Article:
NEWS

NATIONAL PA WEEK – ORIGINS AND HISTORY

Written by Marilyn H. Fitzgerald, Honorary PA

Reprinted from the 2015 Fall edition of Historical Happenings

Earlier this month, October 6 – 12, the PA profession celebrated National PA Week, seven days of celebrating and raising awareness about the profession and its role in keeping us healthy.  Established in 1987 as “National PA Day,” Historical Happenings asked Karen Beauregard Bates, AAPA Public Affairs Administrator in 1987, how and why the event was established.

“As a new staff member at the American Academy of PAs, I learned how Dr. Eugene Stead founded the physician assistant profession at Duke Medical Center in 1965, with the first class of PAs graduating on October 6, 1967. October 6th also happened to be Dr. Stead’s birthday. In public relations, every special event is an opportunity to celebrate, and to help others learn about your profession or cause. Together with PA volunteers on the AAPA Public Education Committee, (David Larson, Chair; Tom Berry, Susan Perdue, Donna Sewell, James Tanner, Kevin Bolan, and Susan Schwartz), we thought, ‘This auspicious date should be a holiday, and we should celebrate its 20th anniversary this year!’

Thus, National PA Day was born. The first year, the AAPA team created a simple logo, stickers for PAs to wear, brief handouts of information about the profession and a banner to hang from a building walkway close to AAPA headquarters in Arlington, Virginia. We alerted all the constituent chapters and suggested ways they and their members could participate on this milestone day. We created a sample press release that they could send to their local media, and we reached out to the national media from AAPA headquarters. (This was long before social media, when we still had an entire room dedicated to our mainframe computer and the FAX machine was THE high tech device!)”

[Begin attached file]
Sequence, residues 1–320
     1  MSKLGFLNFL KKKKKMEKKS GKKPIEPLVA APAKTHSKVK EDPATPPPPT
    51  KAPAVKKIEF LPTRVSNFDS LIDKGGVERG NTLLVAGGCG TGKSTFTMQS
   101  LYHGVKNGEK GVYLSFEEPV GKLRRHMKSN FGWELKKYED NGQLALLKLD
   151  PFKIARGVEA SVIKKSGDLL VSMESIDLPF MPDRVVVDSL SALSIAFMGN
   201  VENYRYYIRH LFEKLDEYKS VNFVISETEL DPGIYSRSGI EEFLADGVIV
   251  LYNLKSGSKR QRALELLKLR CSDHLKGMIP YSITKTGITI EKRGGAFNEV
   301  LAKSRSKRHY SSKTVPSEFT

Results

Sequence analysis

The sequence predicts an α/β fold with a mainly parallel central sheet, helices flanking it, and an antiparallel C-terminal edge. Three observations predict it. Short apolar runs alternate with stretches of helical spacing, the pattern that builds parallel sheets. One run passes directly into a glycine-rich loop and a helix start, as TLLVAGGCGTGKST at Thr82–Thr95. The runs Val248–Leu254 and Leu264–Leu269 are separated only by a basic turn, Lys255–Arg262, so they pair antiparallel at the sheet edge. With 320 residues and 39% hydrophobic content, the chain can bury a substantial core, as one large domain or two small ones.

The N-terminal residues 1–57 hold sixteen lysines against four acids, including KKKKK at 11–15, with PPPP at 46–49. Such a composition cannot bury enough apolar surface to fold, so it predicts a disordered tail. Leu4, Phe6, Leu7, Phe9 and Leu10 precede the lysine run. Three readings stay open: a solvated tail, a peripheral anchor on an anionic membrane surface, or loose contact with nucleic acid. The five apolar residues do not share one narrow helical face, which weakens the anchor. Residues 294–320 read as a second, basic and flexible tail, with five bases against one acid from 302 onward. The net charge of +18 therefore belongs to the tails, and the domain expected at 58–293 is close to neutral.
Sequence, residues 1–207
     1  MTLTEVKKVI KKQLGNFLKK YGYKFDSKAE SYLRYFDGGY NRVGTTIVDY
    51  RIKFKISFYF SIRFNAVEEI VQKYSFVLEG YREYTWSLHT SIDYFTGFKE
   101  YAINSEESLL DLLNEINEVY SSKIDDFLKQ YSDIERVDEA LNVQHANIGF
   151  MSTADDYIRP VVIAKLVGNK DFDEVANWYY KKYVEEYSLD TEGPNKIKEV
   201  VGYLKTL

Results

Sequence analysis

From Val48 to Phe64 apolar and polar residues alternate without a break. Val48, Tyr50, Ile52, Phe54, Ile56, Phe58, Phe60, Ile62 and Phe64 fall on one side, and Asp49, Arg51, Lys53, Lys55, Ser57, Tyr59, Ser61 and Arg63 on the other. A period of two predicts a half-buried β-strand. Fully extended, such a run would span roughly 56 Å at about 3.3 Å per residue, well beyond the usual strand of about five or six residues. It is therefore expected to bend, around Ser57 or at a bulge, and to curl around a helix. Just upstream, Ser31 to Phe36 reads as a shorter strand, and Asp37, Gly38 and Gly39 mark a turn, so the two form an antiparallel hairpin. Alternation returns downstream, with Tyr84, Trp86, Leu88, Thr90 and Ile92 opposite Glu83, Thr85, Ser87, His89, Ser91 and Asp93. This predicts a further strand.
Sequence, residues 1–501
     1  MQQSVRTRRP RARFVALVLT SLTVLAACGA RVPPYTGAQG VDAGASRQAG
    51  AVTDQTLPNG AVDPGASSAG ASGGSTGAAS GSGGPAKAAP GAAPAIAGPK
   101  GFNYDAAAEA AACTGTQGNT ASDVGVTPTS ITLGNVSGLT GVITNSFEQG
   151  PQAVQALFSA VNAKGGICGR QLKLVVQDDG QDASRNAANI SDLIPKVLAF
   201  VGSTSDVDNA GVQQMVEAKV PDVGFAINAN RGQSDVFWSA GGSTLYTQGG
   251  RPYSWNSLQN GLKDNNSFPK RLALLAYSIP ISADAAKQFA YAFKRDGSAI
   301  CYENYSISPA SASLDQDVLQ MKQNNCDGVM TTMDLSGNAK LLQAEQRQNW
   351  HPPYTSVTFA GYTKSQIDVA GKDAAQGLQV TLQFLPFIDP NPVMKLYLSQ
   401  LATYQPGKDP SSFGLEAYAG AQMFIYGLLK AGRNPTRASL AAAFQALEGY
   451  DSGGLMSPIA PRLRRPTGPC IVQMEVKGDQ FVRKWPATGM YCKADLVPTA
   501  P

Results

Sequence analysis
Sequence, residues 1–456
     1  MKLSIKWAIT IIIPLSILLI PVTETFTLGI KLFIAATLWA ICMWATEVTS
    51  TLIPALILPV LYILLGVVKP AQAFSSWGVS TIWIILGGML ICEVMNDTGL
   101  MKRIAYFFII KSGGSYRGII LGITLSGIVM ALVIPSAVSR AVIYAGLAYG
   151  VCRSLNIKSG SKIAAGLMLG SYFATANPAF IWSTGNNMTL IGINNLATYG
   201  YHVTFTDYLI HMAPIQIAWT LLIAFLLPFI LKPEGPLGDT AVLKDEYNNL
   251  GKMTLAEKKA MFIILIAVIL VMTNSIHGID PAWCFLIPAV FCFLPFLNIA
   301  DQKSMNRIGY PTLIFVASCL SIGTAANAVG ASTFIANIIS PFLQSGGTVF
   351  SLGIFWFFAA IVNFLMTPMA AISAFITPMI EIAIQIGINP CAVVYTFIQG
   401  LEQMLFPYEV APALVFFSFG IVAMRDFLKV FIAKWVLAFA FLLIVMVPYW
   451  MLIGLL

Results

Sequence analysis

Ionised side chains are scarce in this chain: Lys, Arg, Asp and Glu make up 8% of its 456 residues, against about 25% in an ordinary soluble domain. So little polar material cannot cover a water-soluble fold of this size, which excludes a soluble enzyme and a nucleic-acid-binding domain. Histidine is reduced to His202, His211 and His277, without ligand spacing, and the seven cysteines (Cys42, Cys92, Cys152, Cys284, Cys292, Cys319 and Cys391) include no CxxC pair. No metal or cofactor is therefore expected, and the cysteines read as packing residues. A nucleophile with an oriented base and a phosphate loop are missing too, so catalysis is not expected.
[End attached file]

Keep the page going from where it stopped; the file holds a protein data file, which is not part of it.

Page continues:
In May 2004, the AAPA House of Delegates adopted policy changing PA Day to PA Week — “The AAPA supports the designation of National PA Week commencing on October 6.” From modest activities in 1987 to elaborate ones today, PAs spent this past October 6-12 promoting the PA profession.  As described on AAPA’s website, “America’s more than 100,000 certified PAs are a powerful force for better health for millions of patients across the country. Consistently recognized as one of the fastest-growing professions, PAs were ranked the most promising job of 2015 by Forbes.com. Because of PAs, the healthcare system is stronger. Because of PAs, more patients get access to high-quality, cost-effective care. Because of PAs, we celebrate National PA Week.” https://www.aapa.org/PAWeek/#Celebrate

PAs appeared on TV shows (the NBC “Today Show” audience); shared photos on Facebook and Instagram; tweeted thousands of messages of congratulations on Twitter; issued press releases; were interviewed on radio shows; and were honored with proclamations of praise from city mayors, state governors, and local, state and national legislators.PA constituent organizations, PA programs and students engaged in blood drives and volunteered at food banks, homeless shelters and screened patients at local health fairs to bring attention to the profession.    This 28-year-old tradition lives on.

Photos:

Banner photo: National PA Day sign, 1987; Top Right photo: Dr. Stead’s 95th birthday in 2003 with student PA, Sarah Holland (Class ’05) – Courtesy DUMC; Middle Left Photo: Pins from the PAHx Museum Collection promoting PA Week; Bottom Right Photo: “NBC Today Show” Photograph courtesy of AAPA.

 

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